the CRS report listed air-to-air combat ('a more difficult future task') as possible future undertakings.[168] The Department of Defense's Unmanned Systems Integrated Roadmap FY2013-2038 foresees a more important place for UAVs in combat.[169] Issues include extended capabilities, human-UAV interaction, managing increased information flux, increased autonomy and developing UAV-specific munitions.[169] DARPA's project of systems of systems,[79]

Israel companies mainly focus on small surveillance UAV system and by quantity of drones, Israel exported 60.7% (2014) of UAV on the market while the United States export 23.9% (2014);

Chinese drone manufacturer DJI alone has 75% of civilian-market share in 2017 with $11 billion forecast global sales in 2020.[84]

2018 NPD point to consumers increasingly purchasing drones with more advanced features with 33 percent growth in both the $500+ and $1000+ market segments.[86]

should rise from a few hundred million dollars on research and development in 2018 to $4 billion by 2028 and $30 billion by 2036.[93]

As global food production demand grows exponentially, resources are depleted, farmland is reduced, and agricultural labor is increasingly in short supply, there is an urgent need for more convenient and smarter agricultural solutions than traditional methods, and the agricultural drone and robotics industry is expected to make progress.[94]

Research is exploring miniature optic-flow sensors, called ocellis, mimicking the compound insect eyes formed from multiple facets, which can transmit data to neuromorphic chips able to treat optic flow as well as light intensity discrepancies.

Because of their small size, low weight, low vibration and high power to weight ratio, Wankel rotary engines are used in many large UAVs.

Micro air vehicles endurance is so far best achieved with flapping-wing UAVs, followed by planes and multirotors standing last, due to lower Reynolds number.[51]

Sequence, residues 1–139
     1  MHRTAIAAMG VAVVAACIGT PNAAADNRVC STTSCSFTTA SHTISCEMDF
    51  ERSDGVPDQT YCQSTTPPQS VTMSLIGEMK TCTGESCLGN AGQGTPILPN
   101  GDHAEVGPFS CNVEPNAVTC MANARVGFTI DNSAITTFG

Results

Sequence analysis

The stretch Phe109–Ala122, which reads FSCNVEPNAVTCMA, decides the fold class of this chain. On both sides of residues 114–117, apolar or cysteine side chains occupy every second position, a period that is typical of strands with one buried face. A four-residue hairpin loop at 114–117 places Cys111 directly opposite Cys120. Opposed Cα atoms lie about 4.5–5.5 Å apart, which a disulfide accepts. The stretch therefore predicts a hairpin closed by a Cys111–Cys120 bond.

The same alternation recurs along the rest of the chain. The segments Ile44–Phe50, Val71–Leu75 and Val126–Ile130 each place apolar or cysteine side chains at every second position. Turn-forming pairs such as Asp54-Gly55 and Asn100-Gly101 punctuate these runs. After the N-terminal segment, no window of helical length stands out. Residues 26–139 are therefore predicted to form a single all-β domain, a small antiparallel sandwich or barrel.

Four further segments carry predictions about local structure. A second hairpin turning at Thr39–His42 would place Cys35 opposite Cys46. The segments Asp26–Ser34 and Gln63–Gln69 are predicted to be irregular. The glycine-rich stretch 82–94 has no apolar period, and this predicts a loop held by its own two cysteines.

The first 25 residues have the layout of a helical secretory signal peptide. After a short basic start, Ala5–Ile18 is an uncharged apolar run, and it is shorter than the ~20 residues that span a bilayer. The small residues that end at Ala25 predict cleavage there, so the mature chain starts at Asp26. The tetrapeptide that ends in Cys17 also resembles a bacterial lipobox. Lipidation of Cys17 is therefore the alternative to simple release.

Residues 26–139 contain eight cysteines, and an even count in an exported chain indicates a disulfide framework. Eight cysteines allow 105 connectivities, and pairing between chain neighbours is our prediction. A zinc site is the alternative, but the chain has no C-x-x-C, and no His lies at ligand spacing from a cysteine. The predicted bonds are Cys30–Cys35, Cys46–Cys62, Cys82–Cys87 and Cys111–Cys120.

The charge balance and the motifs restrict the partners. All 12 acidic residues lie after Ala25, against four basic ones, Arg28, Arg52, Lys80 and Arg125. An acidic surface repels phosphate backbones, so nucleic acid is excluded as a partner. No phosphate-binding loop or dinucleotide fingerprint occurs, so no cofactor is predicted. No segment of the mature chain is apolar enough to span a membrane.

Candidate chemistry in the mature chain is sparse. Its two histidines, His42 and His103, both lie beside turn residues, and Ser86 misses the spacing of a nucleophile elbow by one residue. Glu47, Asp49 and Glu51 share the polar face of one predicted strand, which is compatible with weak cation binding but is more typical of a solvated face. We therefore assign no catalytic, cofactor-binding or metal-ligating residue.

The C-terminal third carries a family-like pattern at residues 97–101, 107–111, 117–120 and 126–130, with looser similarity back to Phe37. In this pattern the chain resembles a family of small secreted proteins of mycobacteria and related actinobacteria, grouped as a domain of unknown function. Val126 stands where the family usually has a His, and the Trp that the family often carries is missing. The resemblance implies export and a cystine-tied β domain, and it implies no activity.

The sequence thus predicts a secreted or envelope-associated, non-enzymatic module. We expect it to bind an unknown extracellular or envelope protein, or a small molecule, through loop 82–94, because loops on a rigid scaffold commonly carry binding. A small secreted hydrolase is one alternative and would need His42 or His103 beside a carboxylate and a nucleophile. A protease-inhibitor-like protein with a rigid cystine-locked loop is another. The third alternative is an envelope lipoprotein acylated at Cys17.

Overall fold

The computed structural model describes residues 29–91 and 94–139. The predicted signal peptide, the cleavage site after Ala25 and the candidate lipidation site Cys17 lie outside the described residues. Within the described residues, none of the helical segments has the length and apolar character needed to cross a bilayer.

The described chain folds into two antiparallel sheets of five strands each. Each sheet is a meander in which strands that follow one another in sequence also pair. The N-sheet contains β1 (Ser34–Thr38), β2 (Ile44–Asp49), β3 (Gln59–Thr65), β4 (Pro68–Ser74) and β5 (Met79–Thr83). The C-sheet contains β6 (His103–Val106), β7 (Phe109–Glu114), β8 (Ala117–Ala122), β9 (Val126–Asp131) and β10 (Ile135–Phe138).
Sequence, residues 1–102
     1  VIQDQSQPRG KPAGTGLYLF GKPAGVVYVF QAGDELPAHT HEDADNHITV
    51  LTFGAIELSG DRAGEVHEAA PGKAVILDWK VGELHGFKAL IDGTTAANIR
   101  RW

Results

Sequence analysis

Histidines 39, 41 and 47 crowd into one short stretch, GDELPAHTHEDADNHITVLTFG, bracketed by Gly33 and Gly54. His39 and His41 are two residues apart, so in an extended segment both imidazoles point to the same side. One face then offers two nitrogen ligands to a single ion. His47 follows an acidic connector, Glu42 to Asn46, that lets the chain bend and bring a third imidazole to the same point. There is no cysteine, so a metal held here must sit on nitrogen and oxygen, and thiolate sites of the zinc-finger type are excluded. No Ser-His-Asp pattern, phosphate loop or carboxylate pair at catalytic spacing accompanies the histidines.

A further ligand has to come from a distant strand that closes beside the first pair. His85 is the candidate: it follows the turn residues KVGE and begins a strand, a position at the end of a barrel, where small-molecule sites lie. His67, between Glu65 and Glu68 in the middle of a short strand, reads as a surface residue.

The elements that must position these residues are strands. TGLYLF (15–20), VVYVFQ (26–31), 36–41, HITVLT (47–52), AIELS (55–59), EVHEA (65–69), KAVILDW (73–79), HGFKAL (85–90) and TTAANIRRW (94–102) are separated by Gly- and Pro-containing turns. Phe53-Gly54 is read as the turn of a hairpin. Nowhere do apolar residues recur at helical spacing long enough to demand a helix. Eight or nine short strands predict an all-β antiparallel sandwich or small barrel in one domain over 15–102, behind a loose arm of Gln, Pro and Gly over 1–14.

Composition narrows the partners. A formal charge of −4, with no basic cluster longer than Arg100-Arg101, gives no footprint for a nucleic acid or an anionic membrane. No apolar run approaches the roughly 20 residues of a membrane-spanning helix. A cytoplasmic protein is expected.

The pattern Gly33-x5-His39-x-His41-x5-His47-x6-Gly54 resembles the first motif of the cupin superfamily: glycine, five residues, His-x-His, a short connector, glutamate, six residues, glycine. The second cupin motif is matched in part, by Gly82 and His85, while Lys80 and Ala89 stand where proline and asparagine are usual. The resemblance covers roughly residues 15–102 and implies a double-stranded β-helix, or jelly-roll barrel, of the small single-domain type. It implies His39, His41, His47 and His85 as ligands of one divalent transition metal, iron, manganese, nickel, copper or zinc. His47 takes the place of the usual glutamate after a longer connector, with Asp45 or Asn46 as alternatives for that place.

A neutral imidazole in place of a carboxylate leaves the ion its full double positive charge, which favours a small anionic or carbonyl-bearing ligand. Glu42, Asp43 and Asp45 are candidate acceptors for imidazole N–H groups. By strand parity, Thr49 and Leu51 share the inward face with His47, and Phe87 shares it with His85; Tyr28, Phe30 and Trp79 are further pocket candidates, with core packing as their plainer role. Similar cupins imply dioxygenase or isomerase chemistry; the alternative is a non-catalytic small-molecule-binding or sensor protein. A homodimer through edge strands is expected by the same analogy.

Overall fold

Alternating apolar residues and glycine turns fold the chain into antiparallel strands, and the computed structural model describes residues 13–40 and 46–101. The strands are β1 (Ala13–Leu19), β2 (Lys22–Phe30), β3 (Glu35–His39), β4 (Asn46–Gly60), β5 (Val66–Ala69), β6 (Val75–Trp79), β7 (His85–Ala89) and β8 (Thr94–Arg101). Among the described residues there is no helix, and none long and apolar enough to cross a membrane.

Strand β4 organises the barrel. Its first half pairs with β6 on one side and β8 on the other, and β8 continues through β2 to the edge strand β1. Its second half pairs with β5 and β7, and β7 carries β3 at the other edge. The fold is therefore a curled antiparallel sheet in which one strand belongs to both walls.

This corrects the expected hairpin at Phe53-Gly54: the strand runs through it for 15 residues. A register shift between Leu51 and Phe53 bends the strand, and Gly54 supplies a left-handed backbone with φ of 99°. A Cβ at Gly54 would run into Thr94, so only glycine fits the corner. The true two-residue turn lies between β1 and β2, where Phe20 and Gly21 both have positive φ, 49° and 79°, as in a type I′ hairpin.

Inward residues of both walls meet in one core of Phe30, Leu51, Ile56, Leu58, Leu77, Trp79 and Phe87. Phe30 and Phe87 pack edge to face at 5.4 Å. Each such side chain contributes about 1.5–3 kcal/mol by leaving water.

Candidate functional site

Solar-powered atmospheric satellites ('atmosats') designed for operating at altitudes exceeding 20 km (12 miles, or 60,000 feet) for as long as five years could potentially perform duties more economically and with more versatility than low earth orbit satellites.

Another application for a high endurance UAV would be to 'stare' at a battlefield for a long interval (ARGUS-IS, Gorgon Stare, Integrated Sensor Is Structure) to record events that could then be played backwards to track battlefield activities.

Besides, dynamic assessment of flight envelope allows damage-resilient UAVs, using non-linear analysis with ad-hoc designed loops or neural networks.[113]

UAVs can threaten airspace security in numerous ways, including unintentional collisions or other interference with other aircraft, deliberate attacks or by distracting pilots or flight controllers.

although there was no significant damage to the balloon nor any injuries to its 3 occupants, the balloon pilot reported the incident to the NTSB, stating that 'I hope this incident helps create a conversation of respect for nature, the airspace, and rules and regulations'.[118]

Rogers stated in an interview to A&T 'There is a big debate out there at the moment about what the best way is to counter these small UAVs, whether they are used by hobbyists causing a bit of a nuisance or in a more sinister manner by a terrorist actor'.[120]

Several security researchers have made public some vulnerabilities in commercial UAVs, in some cases even providing full source code or tools to reproduce their attacks.[125]

At a workshop on UAVs and privacy in October 2016, researchers from the Federal Trade Commission showed they were able to hack into three different consumer quadcopters and noted that UAV manufacturers can make their UAVs more secure by the basic security measures of encrypting the Wi-Fi signal and adding password protection.[126]